Imagine if you could get some of the most relevant Google experts on the same stage, at the same time, and ask them any question you’d like around the topic of web standards… What would you ask?
Funnily enough, I will be moderating a panel at this years Search Summit where we will have our change to put a range of questions to the likes of:
- Adam Lasnik, Google Web-Spam Team (GooglePlex) Webspam & Search Quality Expert
- Maile Ohye, Google Webmaster Central (Kirkland Plex) – XML Site Maps Guru
- Dan Crow, Google Webmaster Central (NY Plex) Head of Crawl Systems & Google’s Web 2.0 expert on search bots
- Peeyush Ranjan, Google Webmaster Central (Kirkland Plex) Search Quality,CSS Guru
Here are some questions that Scott Gledhill and I’d like to ask:
CSS and hiding
- Does Google read CSS files? More importantly, do they check for CSS properties that can be used to hide content such as “display: none”?
- Are sites punished by Google for hiding content using CSS?
- What about methods of hiding that are used to aid accessibility such as structural labels (descriptive headings that are useful for blind users but not for sighted), image replacement methods (images used to replace html content), drop-down menu navigation and tabbed components that display content in a smaller space more efficiently.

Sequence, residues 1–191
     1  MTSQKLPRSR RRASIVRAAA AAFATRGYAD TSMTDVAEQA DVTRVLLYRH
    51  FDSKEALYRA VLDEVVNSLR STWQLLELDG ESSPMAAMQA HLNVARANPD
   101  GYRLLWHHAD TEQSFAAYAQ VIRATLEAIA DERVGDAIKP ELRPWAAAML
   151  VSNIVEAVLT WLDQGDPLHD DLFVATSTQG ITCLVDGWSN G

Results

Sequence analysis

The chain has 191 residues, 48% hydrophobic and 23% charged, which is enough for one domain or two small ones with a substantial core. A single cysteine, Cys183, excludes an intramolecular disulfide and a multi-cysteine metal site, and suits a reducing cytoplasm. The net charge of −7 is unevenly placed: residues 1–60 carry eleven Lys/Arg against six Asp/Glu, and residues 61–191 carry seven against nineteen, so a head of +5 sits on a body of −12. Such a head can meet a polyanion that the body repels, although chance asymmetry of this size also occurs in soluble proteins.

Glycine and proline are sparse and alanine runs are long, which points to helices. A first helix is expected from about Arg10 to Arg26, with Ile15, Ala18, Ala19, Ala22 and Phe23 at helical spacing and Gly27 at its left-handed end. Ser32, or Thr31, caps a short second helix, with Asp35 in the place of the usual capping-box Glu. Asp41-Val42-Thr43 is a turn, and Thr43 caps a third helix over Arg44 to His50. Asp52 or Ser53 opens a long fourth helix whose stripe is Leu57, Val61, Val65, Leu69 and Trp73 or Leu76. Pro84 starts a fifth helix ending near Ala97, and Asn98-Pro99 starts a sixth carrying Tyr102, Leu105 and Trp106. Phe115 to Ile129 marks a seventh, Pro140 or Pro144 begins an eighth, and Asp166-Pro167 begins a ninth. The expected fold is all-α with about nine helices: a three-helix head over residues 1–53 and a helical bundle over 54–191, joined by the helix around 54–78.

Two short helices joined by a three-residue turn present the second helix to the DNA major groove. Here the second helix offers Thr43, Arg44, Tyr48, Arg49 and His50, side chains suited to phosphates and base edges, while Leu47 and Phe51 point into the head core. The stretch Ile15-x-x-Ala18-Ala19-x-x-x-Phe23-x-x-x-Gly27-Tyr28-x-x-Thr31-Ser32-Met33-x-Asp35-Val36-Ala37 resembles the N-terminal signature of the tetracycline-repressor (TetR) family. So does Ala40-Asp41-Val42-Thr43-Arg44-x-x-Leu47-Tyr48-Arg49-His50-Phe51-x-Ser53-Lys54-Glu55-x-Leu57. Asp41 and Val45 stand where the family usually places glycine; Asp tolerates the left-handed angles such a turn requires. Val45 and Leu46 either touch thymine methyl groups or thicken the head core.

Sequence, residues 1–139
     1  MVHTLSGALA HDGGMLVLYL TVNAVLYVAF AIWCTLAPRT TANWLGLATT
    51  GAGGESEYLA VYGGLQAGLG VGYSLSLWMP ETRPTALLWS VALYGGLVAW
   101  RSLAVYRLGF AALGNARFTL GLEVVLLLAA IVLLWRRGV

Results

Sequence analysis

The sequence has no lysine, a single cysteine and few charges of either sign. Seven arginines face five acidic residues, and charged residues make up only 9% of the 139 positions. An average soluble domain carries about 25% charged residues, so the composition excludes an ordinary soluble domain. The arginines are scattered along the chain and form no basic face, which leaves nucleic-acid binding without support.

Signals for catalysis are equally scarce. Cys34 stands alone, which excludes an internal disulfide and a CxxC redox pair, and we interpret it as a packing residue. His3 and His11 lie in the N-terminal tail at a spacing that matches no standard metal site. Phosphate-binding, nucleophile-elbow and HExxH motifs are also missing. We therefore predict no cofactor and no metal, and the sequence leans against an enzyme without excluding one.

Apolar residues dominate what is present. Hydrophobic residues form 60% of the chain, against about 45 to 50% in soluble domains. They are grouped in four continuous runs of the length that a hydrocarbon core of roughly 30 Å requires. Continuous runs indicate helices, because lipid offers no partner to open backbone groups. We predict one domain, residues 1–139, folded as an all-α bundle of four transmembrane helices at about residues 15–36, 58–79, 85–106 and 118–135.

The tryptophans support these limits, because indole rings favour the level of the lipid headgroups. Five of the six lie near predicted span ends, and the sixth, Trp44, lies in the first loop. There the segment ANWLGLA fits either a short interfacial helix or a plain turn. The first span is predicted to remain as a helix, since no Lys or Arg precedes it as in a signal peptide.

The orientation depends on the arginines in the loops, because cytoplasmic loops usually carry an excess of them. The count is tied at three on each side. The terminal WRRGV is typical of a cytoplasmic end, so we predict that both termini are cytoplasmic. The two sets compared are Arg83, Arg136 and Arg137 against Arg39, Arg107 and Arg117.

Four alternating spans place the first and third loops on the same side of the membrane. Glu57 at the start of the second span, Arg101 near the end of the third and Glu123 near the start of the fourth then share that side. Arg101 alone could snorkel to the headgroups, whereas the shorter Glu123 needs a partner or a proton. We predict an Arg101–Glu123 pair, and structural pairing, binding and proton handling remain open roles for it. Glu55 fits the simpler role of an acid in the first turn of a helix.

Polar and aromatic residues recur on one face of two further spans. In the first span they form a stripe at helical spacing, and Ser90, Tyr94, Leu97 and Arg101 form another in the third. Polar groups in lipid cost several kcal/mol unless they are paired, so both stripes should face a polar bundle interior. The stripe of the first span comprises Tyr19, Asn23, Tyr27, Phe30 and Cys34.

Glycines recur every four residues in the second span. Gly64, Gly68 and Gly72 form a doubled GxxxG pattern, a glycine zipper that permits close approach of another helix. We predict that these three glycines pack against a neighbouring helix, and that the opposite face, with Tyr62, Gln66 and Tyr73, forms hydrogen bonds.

- Are particular method of CSS hiding preferred from Google’s perspective?
- If Google ever condones *correct* usage of hiding, is there still a possibility that the spiders will accidentally penalise me for hiding text if done in the correct context?
- Does Google pay any attention to valid code
- Are sites given higher ranking if they use valid code.
- Will Google ever actively reward (give a higher ranking) for accessibility?
- Are sites with good semantic structure (correct heading levels, paragraphs, lists etc) given better Google ranking than sites with poor semantic structure?
- Does Google make decisions based on specific markup – such as
- Does Google look at heading level hierarchy (are heading levels present, are heading levels skipped, too many headings etc) and take this into account?
- Do lists such as definition lists make a difference to the way content is indexed and ranked?
- Does Google ever feel a moral obligation to push accessibility and web standards (by improving rankings), seeing they influence the market on such a global scale?
So… what would you like to ask?